Amanda Knox’s second appeal trial has agreed to additional DNA tests on the weapon presumed to have murdered her British housemate Meredith Kercher.
The Italian judge has agreed to test one DNA trace not previously examined because it had been deemed too small.
A court-ordered review in the first appeal trial discredited DNA evidence on the kitchen knife linked to Ms Kercher.
Italy’s highest court in March ordered the new trial for American student Knox and her former Italian boyfriend, Raffaele Sollecito, overturning their acquittals in Ms Kercher’s 2007 murder.
The star defendant was absent at its opening. Knox, now a 26-year-old student in Seattle, has not returned to Italy for the trial, nor is she compelled by law to do so. The appellate court hearing the new case could declare her in contempt of court but that carries no additional penalties.
“We refute the idea that because Amanda is not coming, that Amanda is guilty, that Amanda is using a strategy. Amanda always said she was a friend of Meredith’s, Amanda has always respected the Italian justice system,” Knox’s lawyer Luciano Ghirga said before the trial opened.
Knox and Sollecito, now 29, were convicted and later acquitted in Ms Kercher’s death. Knox served four years of a 26-year sentence, including three years on a slander conviction for falsely accusing a Perugia bar owner in the murder, before leaving Italy a free woman after her 2011 acquittal.
The bar owner, Patrick Lumumba, showed up at the trial, saying he did so to underline the damage he suffered from Knox’s false accusations.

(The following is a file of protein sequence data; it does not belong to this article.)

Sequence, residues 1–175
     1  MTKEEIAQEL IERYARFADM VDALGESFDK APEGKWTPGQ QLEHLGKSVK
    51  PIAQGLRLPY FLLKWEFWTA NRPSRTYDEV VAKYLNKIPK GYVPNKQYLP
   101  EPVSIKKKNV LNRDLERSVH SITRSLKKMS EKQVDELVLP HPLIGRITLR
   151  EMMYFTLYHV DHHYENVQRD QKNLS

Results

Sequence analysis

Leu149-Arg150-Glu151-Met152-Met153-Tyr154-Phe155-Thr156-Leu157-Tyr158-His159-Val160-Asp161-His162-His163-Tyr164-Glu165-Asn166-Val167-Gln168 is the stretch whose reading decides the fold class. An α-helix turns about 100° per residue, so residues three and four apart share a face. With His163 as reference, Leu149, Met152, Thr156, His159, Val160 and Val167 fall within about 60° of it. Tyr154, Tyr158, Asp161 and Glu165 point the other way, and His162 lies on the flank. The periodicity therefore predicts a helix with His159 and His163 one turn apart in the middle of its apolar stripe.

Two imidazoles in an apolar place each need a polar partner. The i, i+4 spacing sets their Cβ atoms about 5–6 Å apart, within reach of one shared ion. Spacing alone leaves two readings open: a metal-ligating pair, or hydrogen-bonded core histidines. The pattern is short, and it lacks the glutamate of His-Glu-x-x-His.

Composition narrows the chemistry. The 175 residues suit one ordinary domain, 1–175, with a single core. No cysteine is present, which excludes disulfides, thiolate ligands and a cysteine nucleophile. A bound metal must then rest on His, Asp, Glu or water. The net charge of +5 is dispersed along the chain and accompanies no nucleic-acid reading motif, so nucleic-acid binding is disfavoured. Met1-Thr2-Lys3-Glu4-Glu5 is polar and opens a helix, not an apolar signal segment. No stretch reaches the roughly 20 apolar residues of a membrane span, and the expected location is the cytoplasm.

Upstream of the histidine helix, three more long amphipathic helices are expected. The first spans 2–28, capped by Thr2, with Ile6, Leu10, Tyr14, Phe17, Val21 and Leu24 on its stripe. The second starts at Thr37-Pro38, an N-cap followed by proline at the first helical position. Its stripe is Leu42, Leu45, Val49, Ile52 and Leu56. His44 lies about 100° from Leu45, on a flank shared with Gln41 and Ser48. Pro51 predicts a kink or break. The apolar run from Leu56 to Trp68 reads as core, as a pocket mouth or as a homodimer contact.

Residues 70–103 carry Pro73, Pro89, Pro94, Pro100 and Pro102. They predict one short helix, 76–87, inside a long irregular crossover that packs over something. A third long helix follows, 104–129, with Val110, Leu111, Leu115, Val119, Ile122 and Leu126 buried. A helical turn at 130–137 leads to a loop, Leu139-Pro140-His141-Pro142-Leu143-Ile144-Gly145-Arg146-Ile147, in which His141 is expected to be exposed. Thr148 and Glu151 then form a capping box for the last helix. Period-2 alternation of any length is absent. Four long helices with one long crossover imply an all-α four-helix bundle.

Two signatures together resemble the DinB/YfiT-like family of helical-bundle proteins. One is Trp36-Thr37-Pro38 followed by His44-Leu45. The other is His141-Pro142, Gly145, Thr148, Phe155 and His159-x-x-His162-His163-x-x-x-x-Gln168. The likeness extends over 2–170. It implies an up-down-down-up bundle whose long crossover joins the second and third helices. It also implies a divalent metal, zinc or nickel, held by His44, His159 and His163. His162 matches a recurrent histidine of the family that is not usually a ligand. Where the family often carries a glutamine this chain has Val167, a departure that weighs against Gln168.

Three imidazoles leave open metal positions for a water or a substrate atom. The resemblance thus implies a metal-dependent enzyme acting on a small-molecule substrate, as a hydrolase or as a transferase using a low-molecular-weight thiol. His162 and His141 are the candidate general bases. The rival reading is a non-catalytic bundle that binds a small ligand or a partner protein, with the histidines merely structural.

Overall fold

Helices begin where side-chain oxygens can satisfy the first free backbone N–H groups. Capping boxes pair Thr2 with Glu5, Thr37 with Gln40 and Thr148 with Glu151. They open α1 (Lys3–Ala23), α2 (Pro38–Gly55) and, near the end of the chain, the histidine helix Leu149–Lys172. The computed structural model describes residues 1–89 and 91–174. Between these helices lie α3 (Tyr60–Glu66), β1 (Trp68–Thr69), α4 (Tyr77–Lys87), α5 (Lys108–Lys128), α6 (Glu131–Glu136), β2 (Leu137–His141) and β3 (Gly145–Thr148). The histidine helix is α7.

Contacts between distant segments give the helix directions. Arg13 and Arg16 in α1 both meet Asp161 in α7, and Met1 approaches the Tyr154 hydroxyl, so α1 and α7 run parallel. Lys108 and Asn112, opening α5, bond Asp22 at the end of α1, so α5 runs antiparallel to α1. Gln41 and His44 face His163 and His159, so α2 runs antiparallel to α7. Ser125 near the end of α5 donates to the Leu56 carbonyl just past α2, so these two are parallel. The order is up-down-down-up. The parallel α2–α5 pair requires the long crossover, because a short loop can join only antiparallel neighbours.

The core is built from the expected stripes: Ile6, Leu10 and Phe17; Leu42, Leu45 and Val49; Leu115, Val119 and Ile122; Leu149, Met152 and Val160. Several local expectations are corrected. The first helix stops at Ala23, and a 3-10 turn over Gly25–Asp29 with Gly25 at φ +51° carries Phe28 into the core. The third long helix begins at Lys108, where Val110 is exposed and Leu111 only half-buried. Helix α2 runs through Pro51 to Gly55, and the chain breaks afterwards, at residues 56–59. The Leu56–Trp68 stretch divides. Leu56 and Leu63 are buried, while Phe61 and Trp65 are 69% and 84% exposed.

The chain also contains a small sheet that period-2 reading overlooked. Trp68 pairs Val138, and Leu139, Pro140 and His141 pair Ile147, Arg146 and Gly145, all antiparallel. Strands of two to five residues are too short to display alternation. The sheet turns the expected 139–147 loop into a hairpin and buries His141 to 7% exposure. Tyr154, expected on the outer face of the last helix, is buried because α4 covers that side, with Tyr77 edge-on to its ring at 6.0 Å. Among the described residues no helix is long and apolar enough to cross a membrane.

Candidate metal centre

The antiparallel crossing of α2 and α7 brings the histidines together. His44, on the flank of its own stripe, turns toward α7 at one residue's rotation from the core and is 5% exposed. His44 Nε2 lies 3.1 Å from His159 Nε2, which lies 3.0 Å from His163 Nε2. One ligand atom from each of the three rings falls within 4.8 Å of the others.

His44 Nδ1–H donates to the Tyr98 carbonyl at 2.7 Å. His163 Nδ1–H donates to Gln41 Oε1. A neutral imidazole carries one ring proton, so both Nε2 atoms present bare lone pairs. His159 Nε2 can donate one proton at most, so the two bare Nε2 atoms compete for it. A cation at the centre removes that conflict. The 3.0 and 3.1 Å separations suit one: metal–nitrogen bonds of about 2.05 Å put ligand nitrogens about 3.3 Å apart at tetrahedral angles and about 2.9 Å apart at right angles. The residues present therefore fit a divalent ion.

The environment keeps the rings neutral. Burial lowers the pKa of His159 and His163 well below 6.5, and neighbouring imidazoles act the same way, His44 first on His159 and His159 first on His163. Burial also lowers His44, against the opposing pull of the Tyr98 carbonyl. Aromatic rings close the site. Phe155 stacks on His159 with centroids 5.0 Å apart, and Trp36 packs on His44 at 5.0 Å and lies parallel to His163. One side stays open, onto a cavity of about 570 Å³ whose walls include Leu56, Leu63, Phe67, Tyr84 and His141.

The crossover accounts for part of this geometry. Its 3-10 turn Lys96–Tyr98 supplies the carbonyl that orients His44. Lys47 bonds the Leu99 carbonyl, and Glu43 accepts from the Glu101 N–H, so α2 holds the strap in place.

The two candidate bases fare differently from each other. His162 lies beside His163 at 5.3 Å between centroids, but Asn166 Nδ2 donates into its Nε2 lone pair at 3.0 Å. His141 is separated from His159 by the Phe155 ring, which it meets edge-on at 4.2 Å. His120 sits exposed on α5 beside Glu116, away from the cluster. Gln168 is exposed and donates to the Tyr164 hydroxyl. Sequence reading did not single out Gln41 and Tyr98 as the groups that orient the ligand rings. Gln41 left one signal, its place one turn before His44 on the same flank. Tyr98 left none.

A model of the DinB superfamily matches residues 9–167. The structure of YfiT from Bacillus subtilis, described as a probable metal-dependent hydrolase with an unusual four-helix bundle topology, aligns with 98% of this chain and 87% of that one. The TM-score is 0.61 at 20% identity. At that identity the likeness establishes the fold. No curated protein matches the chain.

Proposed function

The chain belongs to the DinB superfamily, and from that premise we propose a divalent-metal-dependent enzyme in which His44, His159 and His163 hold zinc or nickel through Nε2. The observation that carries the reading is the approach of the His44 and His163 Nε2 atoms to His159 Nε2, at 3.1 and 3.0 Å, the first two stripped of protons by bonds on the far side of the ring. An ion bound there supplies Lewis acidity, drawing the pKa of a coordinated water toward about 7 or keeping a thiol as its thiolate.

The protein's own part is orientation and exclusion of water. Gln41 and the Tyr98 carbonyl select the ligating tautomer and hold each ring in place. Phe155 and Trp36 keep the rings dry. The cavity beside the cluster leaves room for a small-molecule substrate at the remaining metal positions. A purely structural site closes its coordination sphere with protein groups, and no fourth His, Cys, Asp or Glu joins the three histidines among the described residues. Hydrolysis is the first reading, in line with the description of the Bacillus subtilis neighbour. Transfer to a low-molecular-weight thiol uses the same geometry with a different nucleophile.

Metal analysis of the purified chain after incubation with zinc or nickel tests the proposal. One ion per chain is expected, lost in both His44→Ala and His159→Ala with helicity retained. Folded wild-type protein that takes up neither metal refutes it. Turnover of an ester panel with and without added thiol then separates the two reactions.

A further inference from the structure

“I say the same thing I said six years ago. I think she is guilty, and that is why she slandered me,” he said.
Knox’s conviction for slandering Mr Lumumba has been confirmed by the high court, but it asked the Florence appeals court to decide if it should reinstate it as an aggravating circumstance that Knox lied to derail the investigation and protect herself from becoming a murder suspect.
In its first move, the Florence court rejected a motion by Knox’s lawyers to exclude Mr Lumbumba from the new appeals trial as a civil participant, a status that allows him to seek further damages.
Knox’s protracted legal battle in Italy has made her a cause celebre in the United States and has put the Italian justice system under scrutiny. Italian law allows prosecutors to appeal acquittals.
In the United States, the principal of double jeopardy would have prohibited another appeals round after her acquittal.
At the same time, the trials have left the Kercher family without clear answers in the death of their daughter.
Ms Kercher’s body was found in November 2007 in her bedroom of the house she shared with Knox. Her throat had been cut.
A third man, Rudy Guede, was convicted in the killing and is serving a 16-year sentence. That court found that Guede had not acted alone.
“We are still convinced of the presence of all three of the defendants at the scene of the crime,” Kercher family lawyer Francesco Maresca said.
“I think she is talking too much, sincerely, and this attitude of continuous playing the victim is inappropriate.”
In the 2011 acquittal overturning lower court guilty verdicts against Knox and Sollecito and throwing out their long prison terms, a Perugia appeals court criticised virtually the entire case mounted by prosecutors.
The appellate court noted that the murder weapon was never found, said that DNA tests were faulty and that prosecutors provided no murder motive.
Yet the Court of Cassation ruling was likewise strident, criticizing the appeals court ruling and saying it “openly collides with objective facts of the case.”
The high court said the appellate judges had ignored some evidence, considered other evidence insufficiently and undervalued the fact that Knox had initially accused a man of committing the crime who had nothing to do with it.